Of the 2,020 CT scans meeting our inclusion criteria, 1304 were from males (65%) and 716 were from females (35%). The mean age of the study population was 45 ± 18 years, with the age distribution shown in Figure 2a. Caucasians made up the largest portion of our population (86%), as demonstrated in Figure 2b. After processing the CT scans using the algorithms described earlier, we obtained data on 28,083 unique vertebrae (18,489 male and 9,594 female).


Figure 2a: The mean age of the study population was 45 ± 18 years, with the age distribution.


Figure 2b: Caucasians made up the largest portion of our population (86%).

Figures 3a and 3b illustrate the mean HU of our study population as stratified by age decade and vertebral level for males and females, respectively. To validate our CT results and correlate them to DXA results, we identified a subset of postmenopausal female patients who underwent both a CT scan and a DXA scan within 90 days of each other (n=35). After linear regression analysis, we found a significant correlation between HU and bone mineral density as measured by DXA (Figure 4). This significant correlation was present when using both the DXA automated reports of L1-L4 (R2=0.44, p<0.001) and the DXA radiology reports (R2=0.50, p<0.01) where a radiologist reviewed the DXA scans and modified the automated reports using the methods noted above. Additionally, Table 1describes the relationship between HU values and T-scores produced by both DXA automated and radiologist-modified reports corresponding to normal, osteopenia, and osteoporotic bone mineral densities.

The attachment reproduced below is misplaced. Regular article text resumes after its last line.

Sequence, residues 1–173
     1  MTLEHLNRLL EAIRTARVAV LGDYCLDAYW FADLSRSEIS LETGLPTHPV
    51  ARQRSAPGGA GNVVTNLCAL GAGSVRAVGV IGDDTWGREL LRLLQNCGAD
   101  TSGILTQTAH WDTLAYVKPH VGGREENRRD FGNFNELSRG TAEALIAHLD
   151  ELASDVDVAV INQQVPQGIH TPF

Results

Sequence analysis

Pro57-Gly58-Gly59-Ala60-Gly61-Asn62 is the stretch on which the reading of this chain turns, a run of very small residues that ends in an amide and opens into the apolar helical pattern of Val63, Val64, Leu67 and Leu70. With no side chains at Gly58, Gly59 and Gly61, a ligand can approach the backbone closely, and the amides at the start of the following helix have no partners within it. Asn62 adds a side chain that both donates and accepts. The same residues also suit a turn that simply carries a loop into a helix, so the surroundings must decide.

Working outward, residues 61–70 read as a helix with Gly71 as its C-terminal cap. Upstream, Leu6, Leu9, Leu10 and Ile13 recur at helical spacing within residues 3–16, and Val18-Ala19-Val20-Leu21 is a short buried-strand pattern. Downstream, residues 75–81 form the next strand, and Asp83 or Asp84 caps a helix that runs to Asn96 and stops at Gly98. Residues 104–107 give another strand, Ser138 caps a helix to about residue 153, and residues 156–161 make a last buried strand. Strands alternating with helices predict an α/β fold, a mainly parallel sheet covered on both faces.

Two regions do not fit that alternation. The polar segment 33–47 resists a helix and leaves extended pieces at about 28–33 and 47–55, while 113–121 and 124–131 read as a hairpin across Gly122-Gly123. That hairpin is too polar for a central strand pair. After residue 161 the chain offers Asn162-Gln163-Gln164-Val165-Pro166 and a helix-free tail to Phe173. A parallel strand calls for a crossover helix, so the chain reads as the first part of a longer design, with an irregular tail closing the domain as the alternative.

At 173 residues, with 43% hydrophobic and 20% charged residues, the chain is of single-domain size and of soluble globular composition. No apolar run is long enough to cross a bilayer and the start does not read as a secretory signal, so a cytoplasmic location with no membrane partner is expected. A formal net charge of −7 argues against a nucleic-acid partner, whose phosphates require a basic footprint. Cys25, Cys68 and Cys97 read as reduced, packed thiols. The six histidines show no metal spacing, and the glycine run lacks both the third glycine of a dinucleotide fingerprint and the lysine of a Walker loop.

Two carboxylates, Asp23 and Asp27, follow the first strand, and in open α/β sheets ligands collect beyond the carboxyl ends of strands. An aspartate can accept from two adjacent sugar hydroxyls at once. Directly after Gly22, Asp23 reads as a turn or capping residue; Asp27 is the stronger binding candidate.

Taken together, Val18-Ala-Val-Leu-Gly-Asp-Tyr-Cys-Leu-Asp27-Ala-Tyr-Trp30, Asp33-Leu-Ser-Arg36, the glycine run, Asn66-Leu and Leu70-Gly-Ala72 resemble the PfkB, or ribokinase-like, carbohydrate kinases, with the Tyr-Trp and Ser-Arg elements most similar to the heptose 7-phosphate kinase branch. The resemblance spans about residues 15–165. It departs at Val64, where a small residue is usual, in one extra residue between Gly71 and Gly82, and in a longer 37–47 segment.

Hounsfield Units
    DXA Automated Reports DXA Radiology Reports
Classification T-Score Mean ± SD 95% CI Mean ± SD 95% CI
Normal Greater than -1.0 195.7 ± 55.5 171.4 – 220.0 189.3 ± 58.9 159.5 – 219.1
Osteopenia Between -1.0 and -2.5 118.9 ± 29.1 98.7 – 139.0 139.4 ± 48.8 109.2 – 169.7
Osteoporosis  Less than  -2.5 97.9 ± 58.8 54.4 – 141.5 107.2 ± 60.4 65.3 – 149.0

Table 1: Mean and 95% confidence intervals of normal, osteopenia, and osteoporotic subjects.


Figure 3a: The mean HU of our study population as stratified by age decade and vertebral level for males.


Figure 3b: The mean HU of our study population as stratified by age decade and vertebral level for females.


Figure 4: Correlation of CT scan HU values to known DXA bone mineral density values.

Of those who had DXA and CT studies within 90 days of each other, each was determined to have either normal or abnormal bone density as determined by the lower limit of the normal 95% confidence interval from the DXA radiology reports (159.5 HU), using the T-score as the standard. The sensitivity, specificity, and positive and negative predictive values were 0.93, 0.75, 0.74 and 0.94, respectively, using the automated L1-L4 DXA scores as the reference and 0.77, 0.67, 0.72 and 0.71 using the radiologist’s DXA score report as the reference. Three DXA studies (8.6%, 3/35) were considered unreliable by a clinical radiologist secondary to significant sclerosis and/or osteophytes. The automated read differed from the radiology read 12.5% (4/32) of the time. When the unreliable DXA scans were also included, 20% (7/35) of the automated DXA reads were either considered unreliable or had differing reads from the radiologist. In the four cases in which the radiology read differed from the automated read, three of them were reported normal by the automated read but were considered osteopenia by the radiologist’s read. The single remaining study was considered osteopenia by the automated read and osteoporotic by the radiology read.